You have probably had a few sandcastle building competitions with friends or siblings growing up and have a good idea about how to build the best castle. Most people realise early on that closer to the shore, where the sand is wet, is where you can build the biggest and most impressive castles. However, can too much water make your castle more of a flop than a fort?
Probably more impressive than your average sandcastle. (https://commons.wikimedia.org/wiki/File:Sandcastle_sculpture_(4856466479).jpg, accessed 2/6/2020)
The reason dry grains can be built up into a slope is mainly due to the friction between the grains and the overlying weight of other grains, pushing them down. When a little water is added, this can increase the cohesion of the grains as surface tension helps hold them together more strongly.
- To read more about slope stability of different materials read slope stability (I) and watch the corresponding video.
- To learn more about cohesion and surface tension of water
read breaking bondsToo much water has caused instability, leading to a landslide (https://commons.wikimedia.org/wiki/File:Landslide_in_Cusco,_Peru_-_2018.jpg, accessed 2/6/2020)
When more water is added to the mix it greatly increases the weight of the sand. This means that there is more gravitational force pulling it downwards. The most significant effect of adding more water is that it can saturate the sand. Water will surround all grains and eliminates grain to grain contact. In this instance, the water acts as a lubricant, and turns the mix into a slurry, which flows like a fluid. This can cause natural hazards such as landslides, lahars, quicksand, and liquefaction. To find out the effect of adding water to sand on slope stability watch this video.
- To learn more about these natural hazards read: Lahars and Liquefaction
- To read more about quicksand read this article: How deadly is quicksand?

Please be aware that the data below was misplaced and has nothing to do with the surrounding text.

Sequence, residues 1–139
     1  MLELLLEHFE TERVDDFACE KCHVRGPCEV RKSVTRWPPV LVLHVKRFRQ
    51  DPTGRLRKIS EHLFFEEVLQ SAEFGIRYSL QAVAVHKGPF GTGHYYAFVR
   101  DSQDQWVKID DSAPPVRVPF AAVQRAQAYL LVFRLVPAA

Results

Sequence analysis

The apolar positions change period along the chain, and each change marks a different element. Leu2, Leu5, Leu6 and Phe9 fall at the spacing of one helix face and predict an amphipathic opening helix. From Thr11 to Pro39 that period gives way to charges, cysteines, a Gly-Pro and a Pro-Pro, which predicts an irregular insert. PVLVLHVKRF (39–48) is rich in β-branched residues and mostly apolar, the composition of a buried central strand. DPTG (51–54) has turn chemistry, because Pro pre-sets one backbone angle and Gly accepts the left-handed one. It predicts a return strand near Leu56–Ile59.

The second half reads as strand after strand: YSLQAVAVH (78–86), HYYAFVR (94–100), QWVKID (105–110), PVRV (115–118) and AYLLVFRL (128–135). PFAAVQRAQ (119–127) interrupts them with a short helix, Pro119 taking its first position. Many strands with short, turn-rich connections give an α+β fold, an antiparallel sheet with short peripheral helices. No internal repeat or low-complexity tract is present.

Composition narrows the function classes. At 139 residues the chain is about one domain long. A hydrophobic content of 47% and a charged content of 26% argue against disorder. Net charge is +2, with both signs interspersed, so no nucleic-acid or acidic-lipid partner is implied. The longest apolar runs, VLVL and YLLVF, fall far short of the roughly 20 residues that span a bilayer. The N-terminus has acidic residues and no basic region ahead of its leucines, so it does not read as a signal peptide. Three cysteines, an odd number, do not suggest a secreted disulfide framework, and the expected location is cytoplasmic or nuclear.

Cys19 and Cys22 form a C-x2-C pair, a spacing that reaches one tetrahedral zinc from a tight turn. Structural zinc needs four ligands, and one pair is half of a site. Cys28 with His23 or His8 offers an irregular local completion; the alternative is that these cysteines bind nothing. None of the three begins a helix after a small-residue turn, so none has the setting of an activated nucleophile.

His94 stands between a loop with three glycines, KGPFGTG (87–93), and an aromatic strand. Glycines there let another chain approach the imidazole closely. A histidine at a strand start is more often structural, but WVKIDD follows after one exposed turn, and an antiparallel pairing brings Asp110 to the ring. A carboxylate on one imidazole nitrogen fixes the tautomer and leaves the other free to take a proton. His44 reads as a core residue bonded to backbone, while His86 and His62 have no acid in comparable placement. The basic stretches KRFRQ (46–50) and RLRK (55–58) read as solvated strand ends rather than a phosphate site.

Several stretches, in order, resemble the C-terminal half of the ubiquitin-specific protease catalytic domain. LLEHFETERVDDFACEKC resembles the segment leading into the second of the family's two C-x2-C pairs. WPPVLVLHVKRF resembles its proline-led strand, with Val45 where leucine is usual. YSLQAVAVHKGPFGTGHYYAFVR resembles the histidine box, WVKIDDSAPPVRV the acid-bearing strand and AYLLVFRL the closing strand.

Quicksand was one of the most popular ways to kill a hero in a 1980s movie. This scene from The Neverending Story was probably the one that scared most children.. https://www.pinterest.com.au/pin/520588038157887208/, accessed 2/6/2020)
It is not only unconsolidated slopes of sand or soils that are affected by addition of water. Heavy rainfall or snowmelt can also lead to the soluble minerals which cement rocks together dissolving, such as halite and calcite. This can be dangerous and could lead to sinkhole formation. Sinkholes have been known to swallow up whole houses. However, this process is also what leads to beautiful and impressive cave formation, like those found in the Margret River region of Western Australia.
Caves can be beautiful as well as exciting (https://www.bgs.ac.uk/mendips/caveskarst/caveform.htm#:~:text=Caves%20are%20formed%20by%20the,enlarged%20enough%20to%20form%20caves., accessed 2/6/2020)
There are numerous ways to avoid these natural hazards from occurring. The main focus is upon ensuring the land does not become saturated. Installing appropriate drainage to allow the flow of water is one method. Adding vegetation (particularly trees), can be very effective as not only do they absorb a lot of the water, but their roots also help to hold the soil together.
- To experiment with the effect of vegetation on preventing erosion have a go at this experiment: Preventing Soil Erosion
- For more information on cave formation read this article from the British Geological Society: How caves form
- For more detail on slope stability and some case studies read these lecture notes from Tulane University: Slope Stability, Triggering Events, Mass Movement Hazards